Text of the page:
In short, Dungeness crab populations should be resilient to harvest pressure given the reproductive characteristics of the species and the Size-Sex-Season management structure under which Dungeness fisheries are managed.
Considering some of these life history features, it is unlikely that the low density of crab observed in South Sound is simply due to too many adult males being removed before they could successfully mate. Harvest pressure over the past decade is not the primary factor in the decline of Dungeness crab.
If low numbers were simply a result of the harvest pressure, then closing the South Puget Sound fishery in 2018 should allow the population to naturally rebound over the course of a few years. However, if the population is not recovering on its own, there are likely other environmental factors limiting Dungeness crab production.
Specifically, WDFW biologists are seeing evidence of less survival of larval crab to adulthood.
Factors that could contribute to this hypothesized explanation include the effects of changing ocean conditions — which may include warming surface waters, ocean acidification, pollutant levels, and hypoxia (insufficient oxygen) — upon the growth and survival of young Dungeness crab. These factors could make larval supply inconsistent, reduce survival of juveniles, or impair the reproductive capacity of the adults.
Test fishing conducted by WDFW and tribal biologists provides important data which can be used along with other environmental data to assess these theories and help determine if crab populations are recovering under the marine area closures. Unfortunately, initial results from test fishing in 2020 have revealed that Dungeness crab densities are still very low in MA 13.
When and how do we determine crab seasons?
The WDFW shellfish team collects data in February so that State and Tribal co-managers can meet throughout the spring to plan for the upcoming Puget Sound crabbing season. The decision to open Marine Areas 11 and 13 will not be made until the late spring. Despite the need to take conservation action to potentially recover local populations of Dungeness crab, nobody wants these areas to remain closed. Under the current closure, recreational crabbers who live along South Puget Sound must travel to areas where Dungeness crab are more abundant such as Bainbridge Island, Whidbey Island, the San Juan Islands, and the Strait of Juan de Fuca. WDFW understands the inconvenience and costs to local crabbers.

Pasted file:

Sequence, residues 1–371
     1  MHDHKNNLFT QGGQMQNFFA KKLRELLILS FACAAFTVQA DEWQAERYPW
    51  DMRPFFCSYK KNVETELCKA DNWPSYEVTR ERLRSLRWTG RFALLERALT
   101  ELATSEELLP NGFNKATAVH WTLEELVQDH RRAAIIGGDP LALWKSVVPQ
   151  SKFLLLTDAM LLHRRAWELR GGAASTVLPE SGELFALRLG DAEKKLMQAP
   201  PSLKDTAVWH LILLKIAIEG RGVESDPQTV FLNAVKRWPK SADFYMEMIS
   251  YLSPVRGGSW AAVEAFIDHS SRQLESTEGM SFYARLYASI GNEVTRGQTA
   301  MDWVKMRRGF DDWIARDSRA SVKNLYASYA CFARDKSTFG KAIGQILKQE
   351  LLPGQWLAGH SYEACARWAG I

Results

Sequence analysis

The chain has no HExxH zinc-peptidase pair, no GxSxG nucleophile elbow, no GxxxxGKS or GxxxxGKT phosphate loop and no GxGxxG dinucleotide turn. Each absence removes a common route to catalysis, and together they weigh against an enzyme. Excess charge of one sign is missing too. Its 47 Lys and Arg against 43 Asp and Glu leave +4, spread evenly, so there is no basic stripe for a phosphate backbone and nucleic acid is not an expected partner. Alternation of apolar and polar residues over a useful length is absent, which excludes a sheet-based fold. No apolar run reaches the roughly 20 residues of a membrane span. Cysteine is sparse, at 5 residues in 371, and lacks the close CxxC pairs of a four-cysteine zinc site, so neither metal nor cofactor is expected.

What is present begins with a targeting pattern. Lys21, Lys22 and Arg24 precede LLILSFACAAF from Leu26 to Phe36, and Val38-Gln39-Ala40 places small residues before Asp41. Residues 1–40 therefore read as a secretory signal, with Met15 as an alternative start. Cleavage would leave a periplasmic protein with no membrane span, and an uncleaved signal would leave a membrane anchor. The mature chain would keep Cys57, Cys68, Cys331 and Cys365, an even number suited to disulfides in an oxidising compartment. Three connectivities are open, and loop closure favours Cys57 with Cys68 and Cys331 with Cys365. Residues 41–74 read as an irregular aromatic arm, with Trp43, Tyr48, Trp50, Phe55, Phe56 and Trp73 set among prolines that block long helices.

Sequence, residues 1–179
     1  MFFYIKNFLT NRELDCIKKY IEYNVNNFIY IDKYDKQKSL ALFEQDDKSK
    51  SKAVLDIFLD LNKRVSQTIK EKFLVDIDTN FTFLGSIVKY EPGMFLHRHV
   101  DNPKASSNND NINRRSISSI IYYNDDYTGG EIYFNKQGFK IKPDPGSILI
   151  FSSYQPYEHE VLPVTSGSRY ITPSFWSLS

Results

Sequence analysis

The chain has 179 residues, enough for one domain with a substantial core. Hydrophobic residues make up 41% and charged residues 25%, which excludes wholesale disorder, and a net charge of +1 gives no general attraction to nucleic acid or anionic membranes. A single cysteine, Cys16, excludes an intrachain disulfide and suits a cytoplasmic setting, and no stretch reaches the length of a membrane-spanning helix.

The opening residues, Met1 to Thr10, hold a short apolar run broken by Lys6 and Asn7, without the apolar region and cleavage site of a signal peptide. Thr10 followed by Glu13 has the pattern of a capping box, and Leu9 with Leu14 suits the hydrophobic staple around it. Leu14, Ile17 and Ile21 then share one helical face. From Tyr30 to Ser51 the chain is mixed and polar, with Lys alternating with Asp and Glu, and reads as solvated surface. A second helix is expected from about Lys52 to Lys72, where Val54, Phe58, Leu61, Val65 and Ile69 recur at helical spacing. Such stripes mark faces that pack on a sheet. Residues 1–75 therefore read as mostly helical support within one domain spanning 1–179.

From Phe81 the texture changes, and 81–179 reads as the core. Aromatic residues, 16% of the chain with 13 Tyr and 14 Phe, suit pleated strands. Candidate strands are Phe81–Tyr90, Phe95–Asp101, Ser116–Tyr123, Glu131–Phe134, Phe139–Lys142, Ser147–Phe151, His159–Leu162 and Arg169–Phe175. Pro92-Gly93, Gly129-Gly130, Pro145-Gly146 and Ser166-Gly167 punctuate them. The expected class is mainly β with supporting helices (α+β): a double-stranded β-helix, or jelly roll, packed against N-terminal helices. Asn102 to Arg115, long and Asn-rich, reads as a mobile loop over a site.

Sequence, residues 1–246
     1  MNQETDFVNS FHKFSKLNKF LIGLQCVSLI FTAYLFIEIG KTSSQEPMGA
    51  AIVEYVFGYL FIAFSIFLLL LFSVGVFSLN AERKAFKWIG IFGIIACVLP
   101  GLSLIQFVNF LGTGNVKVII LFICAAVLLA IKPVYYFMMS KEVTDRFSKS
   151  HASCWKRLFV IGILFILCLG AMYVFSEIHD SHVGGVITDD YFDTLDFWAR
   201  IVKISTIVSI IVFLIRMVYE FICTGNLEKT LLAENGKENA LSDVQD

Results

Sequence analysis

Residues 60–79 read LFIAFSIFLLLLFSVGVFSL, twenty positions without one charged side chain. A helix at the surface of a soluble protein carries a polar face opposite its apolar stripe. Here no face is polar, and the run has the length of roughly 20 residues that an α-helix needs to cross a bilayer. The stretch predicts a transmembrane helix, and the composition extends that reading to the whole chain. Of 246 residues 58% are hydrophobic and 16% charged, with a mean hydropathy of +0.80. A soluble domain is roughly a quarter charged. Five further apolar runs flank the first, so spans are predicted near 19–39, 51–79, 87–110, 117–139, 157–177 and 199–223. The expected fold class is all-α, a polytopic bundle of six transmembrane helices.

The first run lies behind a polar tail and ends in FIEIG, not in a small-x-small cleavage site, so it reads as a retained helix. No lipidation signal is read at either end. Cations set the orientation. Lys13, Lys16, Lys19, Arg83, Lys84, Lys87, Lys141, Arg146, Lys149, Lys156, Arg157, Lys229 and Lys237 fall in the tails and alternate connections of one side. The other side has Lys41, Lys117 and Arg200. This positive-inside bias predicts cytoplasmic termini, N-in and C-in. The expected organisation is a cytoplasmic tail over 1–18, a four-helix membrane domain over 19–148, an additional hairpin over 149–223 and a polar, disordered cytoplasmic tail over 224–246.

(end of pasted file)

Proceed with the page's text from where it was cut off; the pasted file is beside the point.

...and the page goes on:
2020 season outlook
At this point, shellfish managers are preparing for crabbing opportunities in central and northern Puget Sound, with the best prospects for Dungeness crab being in Marine Areas 7, 8–1, 8–2, and 9. Coastal crabbing opportunities are managed separately from Puget Sound.
Test fishing in South Puget Sound revealed a continued abundance of Red Rock crab in 2020. While it’s tempting to ask whether Marine Areas 11 and 13 could support a Red Rock-only recreational crabbing season, there are significant management and enforcement limitations to this course of action. Specifically, a red-rock only fishery could lead to repeated handling and mortality of any Dungeness crab that remain.
Working together to meet challenges
Since the US v. Washington court decision in 1995 known as the Rafeedie Decision reaffirmed the right of Treaty Tribes to half of the shellfish in Washington state, WDFW and 17 Treaty Tribes coordinate equitable harvest of shellfish in the Treaty Tribes usual and accustomed areas. It is standard for the State and Tribes to work together when deciding to open or close an area for crabbing.
The Tribes, WDFW and many other partners all play a role in working to solve difficult challenges to restore healthy Dungeness crab populations to all parts of the Sound. The efforts to monitor and study Dungeness crab are important steps to continue to provide sustainable recreational, Tribal, and commercial opportunities now and in the future.
Special thanks to Keegan Curry, whose writing, research, visual communication, and interviewing skills are in evidence in this blog and in the linked video.